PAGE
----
How Failing Fast in Web 2.0 is a Good Thing

Answers for developers, sales and business people. How Failing Fast is infinitely better than the alternative

Failing Fast is a good thing – to borrow a phrase from Martha Stewart – and everyone should be practicing it.

You may ask how can Failing Fast possibly be better than succeeding fast? Well, succeeding is not the alternative, not only because most projects don’t succeed fast. The alternative we want to compare here is Failing Slowly.

The idea of Failing Fast is to quickly weed out the ideas and methods that don’t work – and make changes that might turn them around. The question that needs to be asked is: Should you discover quickly that an idea is bad, or after you’ve spent a lot of time, effort and money developing a bad product.

Tony Hillerson, Software Architect at EffectiveUI moderated a conference session at the Web 2.0 Expo in San Francisco recently. The panel brought together leaders from eBay, Google, Adobe and Discovery Channel. They responded to a number of set questions and then took questions from the audience, in the “Failing Fast” session.

The panelists were:

  • Alan Lewis, eBay
  • Scott Green, Google
  • Ryan Stewart, Adobe
  • Randy Rieland, Discovery Channel

    The session is split into bite-sized video chunks.

    Failing Fast – User Adoption

    How do you know when to add a feature based on user input

    Use Proven Technology or Try The Bleeding Edge

    How do you protect your brand

    How Sales Copes With Uncertainty of Failing Fast

    Who Is Attracted To Buzz?

    Failing Fast Session Attendees Get Answers

    EffectiveUI provides Rich Internet Applications that maximize business performance and at the same time offer compelling interactive experiences. – And they do a great job – check out their website.

    Editor’s Note: Failing Fast isn’t restricted to Web 2.0 – it’s something I always did as a developer and project manager – it can be applied to any project in any industry once you work out how to do it in your culture.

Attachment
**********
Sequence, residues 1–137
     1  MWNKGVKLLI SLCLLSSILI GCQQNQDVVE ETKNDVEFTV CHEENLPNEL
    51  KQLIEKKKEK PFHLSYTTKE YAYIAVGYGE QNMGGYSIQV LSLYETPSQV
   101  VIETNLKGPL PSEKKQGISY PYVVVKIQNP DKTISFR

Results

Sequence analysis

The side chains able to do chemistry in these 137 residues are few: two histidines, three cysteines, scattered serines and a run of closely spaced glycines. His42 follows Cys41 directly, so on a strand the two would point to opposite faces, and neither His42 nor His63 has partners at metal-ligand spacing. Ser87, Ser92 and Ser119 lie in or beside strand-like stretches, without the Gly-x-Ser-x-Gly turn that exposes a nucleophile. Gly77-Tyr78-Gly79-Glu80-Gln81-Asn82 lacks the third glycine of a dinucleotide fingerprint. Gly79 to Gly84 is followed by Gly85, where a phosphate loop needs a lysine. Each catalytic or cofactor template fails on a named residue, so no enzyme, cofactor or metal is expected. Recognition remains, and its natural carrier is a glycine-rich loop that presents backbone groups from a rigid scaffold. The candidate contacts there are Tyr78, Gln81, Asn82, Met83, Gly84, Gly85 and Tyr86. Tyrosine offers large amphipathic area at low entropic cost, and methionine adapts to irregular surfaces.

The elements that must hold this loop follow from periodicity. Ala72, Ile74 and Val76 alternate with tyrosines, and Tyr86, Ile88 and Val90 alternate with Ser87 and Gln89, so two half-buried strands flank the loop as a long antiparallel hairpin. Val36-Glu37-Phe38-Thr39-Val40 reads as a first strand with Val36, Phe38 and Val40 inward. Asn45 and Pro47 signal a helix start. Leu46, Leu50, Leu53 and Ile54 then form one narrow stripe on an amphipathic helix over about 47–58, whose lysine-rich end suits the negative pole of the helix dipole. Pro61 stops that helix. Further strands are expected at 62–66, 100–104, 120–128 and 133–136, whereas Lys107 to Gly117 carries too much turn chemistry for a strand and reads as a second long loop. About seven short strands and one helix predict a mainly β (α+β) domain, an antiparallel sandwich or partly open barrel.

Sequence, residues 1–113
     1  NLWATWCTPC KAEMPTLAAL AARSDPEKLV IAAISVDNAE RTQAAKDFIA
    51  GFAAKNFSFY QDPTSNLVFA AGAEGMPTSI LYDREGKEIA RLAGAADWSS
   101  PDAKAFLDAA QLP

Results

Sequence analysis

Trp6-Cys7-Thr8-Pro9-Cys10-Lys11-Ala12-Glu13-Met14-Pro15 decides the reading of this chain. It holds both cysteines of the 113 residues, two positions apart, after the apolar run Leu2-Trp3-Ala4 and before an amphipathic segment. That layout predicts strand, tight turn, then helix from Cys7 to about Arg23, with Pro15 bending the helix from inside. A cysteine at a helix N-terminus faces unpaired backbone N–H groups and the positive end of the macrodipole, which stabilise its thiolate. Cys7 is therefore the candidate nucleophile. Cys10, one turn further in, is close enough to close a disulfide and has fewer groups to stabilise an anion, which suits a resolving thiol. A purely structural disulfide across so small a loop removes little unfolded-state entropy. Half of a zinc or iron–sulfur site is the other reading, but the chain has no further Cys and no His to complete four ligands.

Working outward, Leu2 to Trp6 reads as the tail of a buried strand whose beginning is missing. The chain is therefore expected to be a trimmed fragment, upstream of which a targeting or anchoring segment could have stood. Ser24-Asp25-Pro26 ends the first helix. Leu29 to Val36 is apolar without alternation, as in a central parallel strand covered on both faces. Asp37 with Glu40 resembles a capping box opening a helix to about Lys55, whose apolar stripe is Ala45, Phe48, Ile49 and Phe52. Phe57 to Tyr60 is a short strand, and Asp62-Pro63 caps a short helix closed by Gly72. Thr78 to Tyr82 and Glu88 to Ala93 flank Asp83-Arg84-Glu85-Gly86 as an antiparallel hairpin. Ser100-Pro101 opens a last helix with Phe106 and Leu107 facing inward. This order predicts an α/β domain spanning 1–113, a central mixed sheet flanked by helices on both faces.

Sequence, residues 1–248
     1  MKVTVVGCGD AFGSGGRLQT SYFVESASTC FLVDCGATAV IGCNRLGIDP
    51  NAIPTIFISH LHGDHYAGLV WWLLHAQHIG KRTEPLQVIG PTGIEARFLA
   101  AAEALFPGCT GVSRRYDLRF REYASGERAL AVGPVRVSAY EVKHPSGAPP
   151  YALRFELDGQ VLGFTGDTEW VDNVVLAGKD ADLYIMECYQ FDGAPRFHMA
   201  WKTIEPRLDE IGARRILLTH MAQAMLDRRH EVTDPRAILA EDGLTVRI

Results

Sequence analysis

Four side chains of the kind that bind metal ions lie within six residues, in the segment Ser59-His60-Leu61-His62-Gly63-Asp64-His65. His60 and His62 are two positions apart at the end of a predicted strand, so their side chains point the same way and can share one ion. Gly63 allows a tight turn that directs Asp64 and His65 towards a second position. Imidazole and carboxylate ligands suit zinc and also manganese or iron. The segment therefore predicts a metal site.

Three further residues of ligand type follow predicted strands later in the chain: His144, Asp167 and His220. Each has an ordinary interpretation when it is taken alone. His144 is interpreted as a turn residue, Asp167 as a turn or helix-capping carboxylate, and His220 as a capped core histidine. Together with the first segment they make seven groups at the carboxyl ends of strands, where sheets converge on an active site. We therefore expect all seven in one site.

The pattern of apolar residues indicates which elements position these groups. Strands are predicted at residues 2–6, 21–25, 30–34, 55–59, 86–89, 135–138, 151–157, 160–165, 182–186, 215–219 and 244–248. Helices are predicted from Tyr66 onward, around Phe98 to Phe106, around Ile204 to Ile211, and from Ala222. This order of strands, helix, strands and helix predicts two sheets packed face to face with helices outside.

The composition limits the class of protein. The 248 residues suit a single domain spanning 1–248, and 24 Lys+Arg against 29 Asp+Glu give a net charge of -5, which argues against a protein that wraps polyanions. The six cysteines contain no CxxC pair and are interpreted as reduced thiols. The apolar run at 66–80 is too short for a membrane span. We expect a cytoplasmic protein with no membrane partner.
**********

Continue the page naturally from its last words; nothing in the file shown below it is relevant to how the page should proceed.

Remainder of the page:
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  • Alan Gray is the Publisher and Editor-in-Chief of NewsBlaze Daily News and other online newspapers. He prefers to edit, rather than write, but sometimes an issue rears it’s head and makes him start hammering away on the keyboard.

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    Alan has been on the internet since it first started. He loves to use his expertise in content and digital marketing to help businesses grow, through managed content services. After living in the United States for 15 years, he is now in South Australia. To learn more about how Alan can help you with content marketing and managed content services, contact him by email.

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    Alan is also a techie. His father was a British soldier in the 4th Indian Division in WWII, with Sikhs and Gurkhas. He was a sergeant in signals and after that, he was a printer who typeset magazines and books on his linotype machine. Those skills were passed on to Alan and his brothers, who all worked for Telecom Australia, on more advanced signals (communications). After studying electronics, communications, and computing at college, and building and repairing all kinds of electronics, Alan switched to programming and team building and management.

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